The Malocchio – What it meant to an Italian-American Kid | Page 2
When we arrived back in Palermo to meet the members of our tour group, we had an additional free day to enjoy the city on our own before a planned dinner. As we walked through the city, I saw them! Those red pepper good luck charms were in every shop window! I hadn’t seen them in years! The shops sold them in 18k gold, they had them in red, white, large, and small. I had to have one but it was getting late and the shops were about to close. Looking in the shop window, I also noticed charms of a hand. The hands had their pinky and index finger extended while the rest of the hand was in a fist. What was that? Another symbol of “goooda luck”?
Touring the island for 12 days was an incredible experience. One of the highlights of our tour included an overnight stay in the beautiful town of Taormina. Walking through the picturesque streets, we happened to stumble upon a shop. I found a gold mine! A shop full of pepper charms and fisted hands! Some were sold together as a charm. They were in every colour and size imaginable, some of them made of blood coral. Others were studded in diamonds! There were necklaces, bracelets, charms, earrings, you name it. Some of the red peppers were topped with gold crowns and others had the upper body of some character on top of the pepper. There were also items that had a face in the middle of three legs. What was that? Every item you can imagine had one of these three-legged symbols on it. I had to buy one! I saw a Sicilian flag. I had to buy that too! What I would do with these items once we got back home, I had no idea. I hit the jackpot!
The next day we left for a tour of Catania. On the walking tour, our guide just happened to pass another shop that sold guess what? YES!!! There they were again! Only this time, our tour guide gave the group a full explanation and history of what these supposed good luck charms were all about. Here is what I learned:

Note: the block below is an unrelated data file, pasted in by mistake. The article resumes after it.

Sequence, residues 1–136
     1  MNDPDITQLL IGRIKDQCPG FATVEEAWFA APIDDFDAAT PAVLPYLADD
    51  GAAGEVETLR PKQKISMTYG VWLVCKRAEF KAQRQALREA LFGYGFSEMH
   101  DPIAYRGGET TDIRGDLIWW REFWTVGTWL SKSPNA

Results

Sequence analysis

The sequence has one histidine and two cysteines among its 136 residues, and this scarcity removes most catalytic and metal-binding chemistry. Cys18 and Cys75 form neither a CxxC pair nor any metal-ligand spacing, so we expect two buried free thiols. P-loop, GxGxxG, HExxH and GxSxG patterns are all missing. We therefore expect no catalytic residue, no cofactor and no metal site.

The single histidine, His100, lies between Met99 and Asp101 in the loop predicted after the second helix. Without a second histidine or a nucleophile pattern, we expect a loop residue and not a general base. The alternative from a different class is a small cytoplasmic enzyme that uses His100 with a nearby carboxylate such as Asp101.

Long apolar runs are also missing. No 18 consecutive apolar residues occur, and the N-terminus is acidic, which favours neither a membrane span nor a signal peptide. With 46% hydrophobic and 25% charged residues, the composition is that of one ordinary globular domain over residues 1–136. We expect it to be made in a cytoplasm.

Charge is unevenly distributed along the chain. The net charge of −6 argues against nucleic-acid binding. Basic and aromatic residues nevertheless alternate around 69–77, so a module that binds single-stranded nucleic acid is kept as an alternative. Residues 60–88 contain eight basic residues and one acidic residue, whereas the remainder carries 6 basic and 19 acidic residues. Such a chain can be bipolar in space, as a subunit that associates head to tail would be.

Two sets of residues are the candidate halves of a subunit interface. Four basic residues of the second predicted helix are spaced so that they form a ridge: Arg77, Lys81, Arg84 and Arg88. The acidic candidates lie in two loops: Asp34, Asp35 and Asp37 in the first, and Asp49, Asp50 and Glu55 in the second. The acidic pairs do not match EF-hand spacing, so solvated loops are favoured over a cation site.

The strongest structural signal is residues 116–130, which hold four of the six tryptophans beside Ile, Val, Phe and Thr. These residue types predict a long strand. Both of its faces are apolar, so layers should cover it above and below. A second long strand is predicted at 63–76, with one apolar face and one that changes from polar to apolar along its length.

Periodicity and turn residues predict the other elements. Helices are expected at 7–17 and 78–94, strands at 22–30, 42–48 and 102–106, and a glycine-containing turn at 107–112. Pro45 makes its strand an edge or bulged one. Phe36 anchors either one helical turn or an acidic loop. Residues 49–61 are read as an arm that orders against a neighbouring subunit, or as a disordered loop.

The symbol of Sicily. As the official flag of Sicily, it is designed with a background diagonally divided of red, representing the colour of Palermo and yellow, the colour of Corleone. These are the two cities that represent the Revolution of the Sicilian Vesper. The flag was developed in 1848.
The symbol consists of the winged head of Medusa with the hair of serpents and ears of corn, the ears of wheat and three legs. This symbol was originally used in the 4th Century BC on a coin.
The ears of wheat represent the fertility of the Sicilian land and the three legs represent the three corners or promontories of the island; Cape Pelorus, Cape Passero and Cape Lilibeo.
You can read more about the Trinacria and the Sicilian Flag here.
Mano Cornuta – The Horned Hand
The reference of this hand symbol is to that of a horned animal. It is used for protection against the “evil eye” (malocchio) or generally, to ward off evil. The “evil eye” is believed to harm or put the hex on things such as women of childbearing age, children, fertile crops and trees and even the sperm of animals and men. The origin of this symbol was and still is, used as a hand gesture that began in the Naples area. It is used mainly in southern Italy and Sicily and by those Italian immigrants who came to America. There are other protections this charm offers that are mainly sexual in nature.
Corno or Cornetto – The Horn or Little Horn –
The “Cornetto” is mainly worn as a necklace, used as a charm or can be seen hanging in a car in order to ward off evil and offer protection. It has been worn since ancient times with the belief that the wearer would be protected against all evil. It is also believed by married couples that the evil eye could do damage to a marriage and therefore, each person in a relationship should wear a Cornetto. Our guide explained that the shape of the Cornetto was inspired by the shape of the chili pepper, a spice used in the region, so I was not totally out of my mind when I first saw this charm as a child! Our guide also explained that nowadays, the Cornuto is mainly looked upon as a symbol of good luck.